"Never. She really doesn't care what anyone thinks," said Smith, a top-10 player in the boys' under-14s who met Oudin while they were both training at Racquet Club of the South in Norcross, Ga.

It's the cocoon of strength around Oudin that nurtures her confidence, keeps it in check. De Villiers pushes her to overcome her size by playing smarter than everyone, and using all her weapons. "This kid," he said of Oudin, "she'd never do that bang-bang-bang stuff you see all the time in juniors and everywhere else. She knows better than that. " Katherine, the twin who attends regular high school while Melanie is home-schooled, pursues her own dreams of being an obstetrician, but keeps her sister in the teen loop with tales from her own chosen path, like the wonders of prom and homecoming dances.
"[When] I really think about it, I really have had an incredible two weeks. I should be proud of myself," Oudin said.
Leslie, mother of the wunderkind, can't quite explain the formula behind raising such a self-assured teenager -- it might be easier explaining how to build the atom bomb -- but even after Oudin's stunning trip through the Open came to an end, it was fairly clear there wouldn't be many crying fits in the night ahead.

"We've tried to lay a foundation of being appreciative of what you have," said Leslie, who has been sharing a king size bed with Melanie at their midtown hotel. "Melanie's very unique and she's very gifted. She's had more experiences at a younger age [but] if somebody wants to be a doctor or a lawyer they go after it. Maybe [we] started a little earlier. Very seldom do you hear ... her complain or doubt herself. She might need a break now and then but she's always wanted to play."

(Hours later, after Melanie and her entourage had left the tennis grounds, SI.com broke a story based on records from Cobb County (Ga.) Superior Court showing that Melanie's father, John, filed for divorce from Leslie, on July 24, 2008. In the complaint, John Oudin filed for divorce on grounds of adultery, alleging that his wife had been unfaithful with Melanie's coach, Brian de Villiers. In her response to the complaint, dated Aug. 12, 2008, Leslie Oudin denied the allegation. Though the initial complaint was filed last summer, the Oudin's family strife hadn't been widely reported until the SI.com story appeared following Wednesday's quarterfinal match.)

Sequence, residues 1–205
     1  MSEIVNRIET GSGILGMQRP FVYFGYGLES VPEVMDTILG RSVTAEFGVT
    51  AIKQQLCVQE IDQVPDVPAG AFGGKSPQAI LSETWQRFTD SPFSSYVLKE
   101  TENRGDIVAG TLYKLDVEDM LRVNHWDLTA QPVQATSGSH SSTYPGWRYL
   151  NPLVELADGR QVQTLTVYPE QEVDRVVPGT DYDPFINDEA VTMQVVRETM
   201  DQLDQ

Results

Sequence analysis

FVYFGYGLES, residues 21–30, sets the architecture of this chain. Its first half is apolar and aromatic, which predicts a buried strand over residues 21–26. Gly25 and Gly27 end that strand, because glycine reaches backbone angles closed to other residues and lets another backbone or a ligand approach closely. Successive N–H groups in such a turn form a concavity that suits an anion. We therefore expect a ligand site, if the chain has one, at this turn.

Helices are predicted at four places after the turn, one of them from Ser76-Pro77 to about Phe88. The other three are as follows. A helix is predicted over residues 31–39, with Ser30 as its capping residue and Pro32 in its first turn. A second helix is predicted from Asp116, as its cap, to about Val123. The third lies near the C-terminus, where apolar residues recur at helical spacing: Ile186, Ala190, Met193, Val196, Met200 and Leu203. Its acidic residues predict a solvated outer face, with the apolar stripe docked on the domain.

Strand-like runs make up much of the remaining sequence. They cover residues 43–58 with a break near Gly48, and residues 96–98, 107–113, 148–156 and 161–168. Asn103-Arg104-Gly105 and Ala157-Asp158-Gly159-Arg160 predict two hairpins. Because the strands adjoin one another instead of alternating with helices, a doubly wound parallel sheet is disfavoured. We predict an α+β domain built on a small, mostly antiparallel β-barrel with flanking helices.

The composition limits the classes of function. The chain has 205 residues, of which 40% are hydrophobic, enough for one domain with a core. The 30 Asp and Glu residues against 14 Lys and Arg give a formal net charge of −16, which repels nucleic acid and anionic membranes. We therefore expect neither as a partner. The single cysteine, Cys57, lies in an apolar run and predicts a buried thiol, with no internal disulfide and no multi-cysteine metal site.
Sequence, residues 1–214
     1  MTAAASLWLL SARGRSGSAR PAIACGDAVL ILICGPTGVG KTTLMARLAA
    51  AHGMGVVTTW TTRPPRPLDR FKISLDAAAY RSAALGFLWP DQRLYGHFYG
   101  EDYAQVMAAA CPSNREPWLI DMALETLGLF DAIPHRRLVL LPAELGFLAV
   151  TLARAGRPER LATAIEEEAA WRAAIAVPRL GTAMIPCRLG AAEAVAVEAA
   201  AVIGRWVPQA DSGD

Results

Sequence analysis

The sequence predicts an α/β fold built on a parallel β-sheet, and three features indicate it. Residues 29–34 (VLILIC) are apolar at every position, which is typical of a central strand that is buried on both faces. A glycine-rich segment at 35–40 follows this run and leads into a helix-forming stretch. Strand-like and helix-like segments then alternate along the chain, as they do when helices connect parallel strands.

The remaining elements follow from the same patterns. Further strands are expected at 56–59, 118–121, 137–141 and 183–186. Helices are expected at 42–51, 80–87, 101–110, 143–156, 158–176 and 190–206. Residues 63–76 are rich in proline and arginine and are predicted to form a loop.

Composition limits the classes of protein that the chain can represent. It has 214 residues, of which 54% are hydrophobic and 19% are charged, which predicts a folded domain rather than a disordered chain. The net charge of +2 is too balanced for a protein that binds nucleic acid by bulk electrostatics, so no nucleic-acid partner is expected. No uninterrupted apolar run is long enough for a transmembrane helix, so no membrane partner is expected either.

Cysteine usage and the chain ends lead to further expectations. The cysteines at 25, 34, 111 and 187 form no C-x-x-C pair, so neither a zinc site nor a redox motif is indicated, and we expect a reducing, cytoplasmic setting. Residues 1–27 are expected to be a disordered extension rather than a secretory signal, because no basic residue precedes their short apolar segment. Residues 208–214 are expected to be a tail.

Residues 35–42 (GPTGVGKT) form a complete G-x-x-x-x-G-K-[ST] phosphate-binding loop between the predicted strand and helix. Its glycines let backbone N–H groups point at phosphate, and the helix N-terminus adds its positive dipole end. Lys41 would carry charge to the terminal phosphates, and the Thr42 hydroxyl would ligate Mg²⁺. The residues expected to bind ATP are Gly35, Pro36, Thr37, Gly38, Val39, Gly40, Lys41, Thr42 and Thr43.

There was a momentary huddle after the loss to Wozniacki, when Oudin buried her face in a pink towel to hide her tears and apologized to her coach and mother and sisters for ... well, for what? They told her to stop being so tough on herself, that she had survived an astonishing couple of weeks. Losing isn't good enough, she muttered, but in a matter of minutes she was back to bouncing on her striking ping-and-yellow toes and embracing the moment.

"[When] I really think about it, I really have had an incredible two weeks. I should be proud of myself," Oudin said.

In the next beat, she began chatting about her crazy time here, the experiences she never imagined having -- but not because she didn't believe. But who could envision such delicious details? There was her win over Maria Sharapova on Arthur Ashe Stadium -- "Definitely did not see that coming!" Oudin gushed. There was Roger Federer seeking her out, telling her congratulations. And the voice in her head was reminding her to tell him congratulations about becoming a father of twins, all that stuff, "and my mind just kind of froze getting to meet him!"

"These past two weeks have been really different for me. I've gone from being just a normal like tennis player to almost everyone in the United States knowing who I am now," Oudin said. "I enjoyed it, but I don't think that affected my tennis game tonight at all. Because when I get on the court, I don't think about anything but the ball and where I'm playing and myself, how I'm going to play."

The girl believes, still. However you slice it, that's a win.